Fantasy Doctor: Bye weeks aren’t goodbyes to your seasons

Say bye-bye to your fantasy stars.

Of course, it’s only for one week of the season. But starting last week with the Packers and the Panthers, bye weeks have begun, and that means shifting fantasy players around weekly to accommodate holes in your lineup.

Like it or not, the bye week is crucial even in the fantasy world. While it doesn’t provide owners with a week off to recuperate (or gloat), it does play an definite role in maintaining a dynasty. If owners want to be successful, their play strategies have to incorporate a method in dealing with the pesky bye weeks.

Now, I’m not here to break down and analyze how bye weeks affect fantasy players and teams. This isn’t about how a week off might have benefited the struggling Packers. It’s about you. It’s about what you can control. And, as always, it’s about how much you gamble.

The typical method for fantasy owners is a careless one. More times than not, owners sign into their leagues and are smacked with the realization that they are down two receivers and a tight end this week. Then the panic sets in. You scramble to the waiver wires, make risky pickups and, before you know it, you’re unconvincingly rooting for players you barely knew existed prior to this week. You could get lucky and you could win the week, but wouldn’t you rather replace “could” with “should”?

Another feasible option is to just accept the bye week for what it is and take the hit. For someone with Peyton Manning, Demaryius Thomas, Wes Welker and Julius Thomas, Week 9 is going to be about as cheerful as the final season of Breaking Bad. But how can losing a single week compare to the 285 points those four have combined for in the first four weeks of play?

If you’re lucky enough to find yourself in this situation, good for you. For the most part, you get off easy in these bye weeks. But you should be wary of such a mind set if you don’t have an army of Broncos to lead the charge. Having Matthew Stafford, Reggie Bush and Calvin Johnson might feel secure, but having Martellus Bennett and Brandon Marshall could cripple you two weeks in a row. Again, you find yourself looking at your team in terms of “could” instead of “should.”

Honestly, the best option is to familiarize yourself with your players’ bye weeks in advance. Have a battle plan when Philip Rivers is out in Week 8. Actively cycle players on and off your bench for the best fit in the weeks to come. Keep tabs on the waiver wires, and when it all goes down, be ready to swipe the one you’ve had your eye on. Most importantly, though, don’t just have a plan for next week, have a plan for the season.

Week 4 is over and done, and after the way the Bears performed Sunday, I couldn’t be happier. It’s a new week and with a new week comes new pickups and drops from your always-faithful fantasy doctor:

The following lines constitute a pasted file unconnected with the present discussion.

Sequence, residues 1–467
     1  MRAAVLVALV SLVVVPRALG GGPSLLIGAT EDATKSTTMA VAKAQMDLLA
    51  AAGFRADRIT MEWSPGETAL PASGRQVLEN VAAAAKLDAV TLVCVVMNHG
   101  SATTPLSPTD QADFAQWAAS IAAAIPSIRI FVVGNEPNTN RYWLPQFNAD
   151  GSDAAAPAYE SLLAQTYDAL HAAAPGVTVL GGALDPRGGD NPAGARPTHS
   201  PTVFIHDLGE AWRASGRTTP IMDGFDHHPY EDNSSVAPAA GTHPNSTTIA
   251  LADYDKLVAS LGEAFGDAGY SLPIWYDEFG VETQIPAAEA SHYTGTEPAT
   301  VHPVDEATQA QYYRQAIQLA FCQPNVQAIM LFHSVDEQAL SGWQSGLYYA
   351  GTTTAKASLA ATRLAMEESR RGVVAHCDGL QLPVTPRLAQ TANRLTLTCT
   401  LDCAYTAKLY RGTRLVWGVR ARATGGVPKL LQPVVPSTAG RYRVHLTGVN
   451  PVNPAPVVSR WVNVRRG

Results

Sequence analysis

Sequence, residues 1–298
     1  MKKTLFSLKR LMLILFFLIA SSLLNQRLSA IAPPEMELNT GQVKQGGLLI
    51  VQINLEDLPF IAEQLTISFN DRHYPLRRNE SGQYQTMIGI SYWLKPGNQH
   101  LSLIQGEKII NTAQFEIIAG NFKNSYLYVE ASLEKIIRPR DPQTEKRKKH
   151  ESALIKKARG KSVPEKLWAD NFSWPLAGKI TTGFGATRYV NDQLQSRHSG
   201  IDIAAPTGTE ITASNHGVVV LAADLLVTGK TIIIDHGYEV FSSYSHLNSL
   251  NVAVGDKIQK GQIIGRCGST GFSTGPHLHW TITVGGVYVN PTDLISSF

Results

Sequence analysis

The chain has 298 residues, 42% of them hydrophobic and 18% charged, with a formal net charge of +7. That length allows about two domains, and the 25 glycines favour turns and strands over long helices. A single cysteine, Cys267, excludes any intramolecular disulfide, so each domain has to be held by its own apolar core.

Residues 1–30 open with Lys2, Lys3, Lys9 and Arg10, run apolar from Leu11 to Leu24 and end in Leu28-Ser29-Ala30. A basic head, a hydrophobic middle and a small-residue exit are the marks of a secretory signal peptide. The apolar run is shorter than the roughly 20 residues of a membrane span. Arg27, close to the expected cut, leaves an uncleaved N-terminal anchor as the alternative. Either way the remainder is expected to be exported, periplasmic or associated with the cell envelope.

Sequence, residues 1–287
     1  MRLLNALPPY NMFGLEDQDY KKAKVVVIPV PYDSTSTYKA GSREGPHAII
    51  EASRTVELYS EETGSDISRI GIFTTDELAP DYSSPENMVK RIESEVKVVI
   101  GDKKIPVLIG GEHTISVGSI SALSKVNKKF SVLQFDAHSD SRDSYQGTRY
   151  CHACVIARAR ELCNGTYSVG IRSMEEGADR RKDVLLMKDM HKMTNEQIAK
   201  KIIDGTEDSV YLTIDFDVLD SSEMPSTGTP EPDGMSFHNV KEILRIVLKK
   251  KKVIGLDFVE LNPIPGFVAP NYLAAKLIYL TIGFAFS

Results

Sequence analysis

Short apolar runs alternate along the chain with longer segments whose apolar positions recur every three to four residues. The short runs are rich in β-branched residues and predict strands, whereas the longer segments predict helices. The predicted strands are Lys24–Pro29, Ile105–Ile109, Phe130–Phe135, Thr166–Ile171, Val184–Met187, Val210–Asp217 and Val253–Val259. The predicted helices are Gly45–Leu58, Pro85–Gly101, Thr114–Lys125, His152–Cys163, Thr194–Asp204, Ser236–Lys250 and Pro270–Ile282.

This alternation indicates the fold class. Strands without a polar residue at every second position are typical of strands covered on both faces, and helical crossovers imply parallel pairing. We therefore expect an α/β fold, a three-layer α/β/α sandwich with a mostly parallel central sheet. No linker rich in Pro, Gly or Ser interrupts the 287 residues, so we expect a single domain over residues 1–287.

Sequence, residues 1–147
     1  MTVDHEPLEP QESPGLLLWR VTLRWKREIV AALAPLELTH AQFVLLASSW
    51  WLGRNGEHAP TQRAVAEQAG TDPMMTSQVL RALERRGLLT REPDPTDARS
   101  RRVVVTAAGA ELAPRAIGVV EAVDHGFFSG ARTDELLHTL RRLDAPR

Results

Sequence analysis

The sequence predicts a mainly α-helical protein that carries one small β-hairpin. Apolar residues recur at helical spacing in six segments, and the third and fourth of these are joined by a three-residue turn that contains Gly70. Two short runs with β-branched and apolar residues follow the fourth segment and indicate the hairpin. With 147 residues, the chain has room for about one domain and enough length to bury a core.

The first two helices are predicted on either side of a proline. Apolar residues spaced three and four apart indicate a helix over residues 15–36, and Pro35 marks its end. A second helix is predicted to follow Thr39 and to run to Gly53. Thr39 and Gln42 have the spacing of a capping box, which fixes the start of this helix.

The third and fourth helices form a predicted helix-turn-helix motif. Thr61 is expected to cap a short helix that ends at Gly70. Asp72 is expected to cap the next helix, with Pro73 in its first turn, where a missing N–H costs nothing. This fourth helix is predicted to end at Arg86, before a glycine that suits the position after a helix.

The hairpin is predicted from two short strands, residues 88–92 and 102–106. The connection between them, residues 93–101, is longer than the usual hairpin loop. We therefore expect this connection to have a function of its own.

PICKUPS

Alex Smith (quarterback, Chiefs, owned in 45.6 percent of ESPN leagues) — Who would have guessed after being shoved out of San Francisco by Colin Kaepernick that Alex Smith would be ranked 10th in the league for fantasy points? Week to week, Smith has thrived in Andy Reid’s new system in Kansas City, and most fantasy owners are missing out on the earnings. He has his flaws with an average 60.3 percent completion rate, but he’s thrown more touchdowns (7) and fewer picks (2) than some of the big names like Joe Flacco (5 and 7), Robert Griffin III (6 and 4) and Russell Wilson (6 and 3). With the bye weeks in full swing, Smith looks good on any bench.

Nate Washington (wide receiver, Titans, 17.8 percent) — I can hardly believe how few people have claimed Nate Washington since Sunday’s performance. Following up an eight-catch, 131-yard performance in Week 3, Washington grabbed four in the air for 105 yards and two touchdowns, one of which came after Jake Locker went down in the third quarter. Sure, he faced a terrible defense in Week 3 and got lucky with a few touchdowns in Week 4, but now-starting quarterback Ryan Fitzpatrick is going to need a reliable man downfield. Who better than Washington?

DROPS

Brandon Myers (tight end, Giants, 91.8 percent) — Brandon Myers duped everyone in the first two weeks. Thirteen catches for 140 yards and a touchdown looked promising for a tight end. Since then, though, he’s been on a steady decline. The Giants are 0-4 and we all know Eli will eventually bounce back, but how long will it take? And when the Giants are finally back on track, what’s to make anyone think Myers will get more looks than Victor Cruz, Hakeem Nicks or even Da’Rel Scott? He’s a bad bet with a fleeting chance for the occasional good game. Final verdict? Pitch him to the waivers and let someone else stress over him.

T.Y. Hilton (wide receiver, Colts, 97.8 percent) — Since his huge six-catch, 124-yard game in Week 2, expectations have skyrocketed for T.Y. Hilton. Well, I’m finally going to put my foot down and say that 97.8 percent is way too high. Andrew Luck is a versatile quarterback. He’s thrown to 12 targets so far on the year, three for touchdowns. I firmly believe he has the potential to become one of the greats. I do, however, think that Hilton is just too risky, even at the flex. He may flare up one or two weeks this season, but don’t let that stop you from doing what you’ve got to do. He’s not even good enough to fill bye week holes, let alone hold an actual position on your roster. Let him go.

J.J. is a sophomore in Media. He can be reached at [email protected] Follow him on Twitter @Wilsonable07.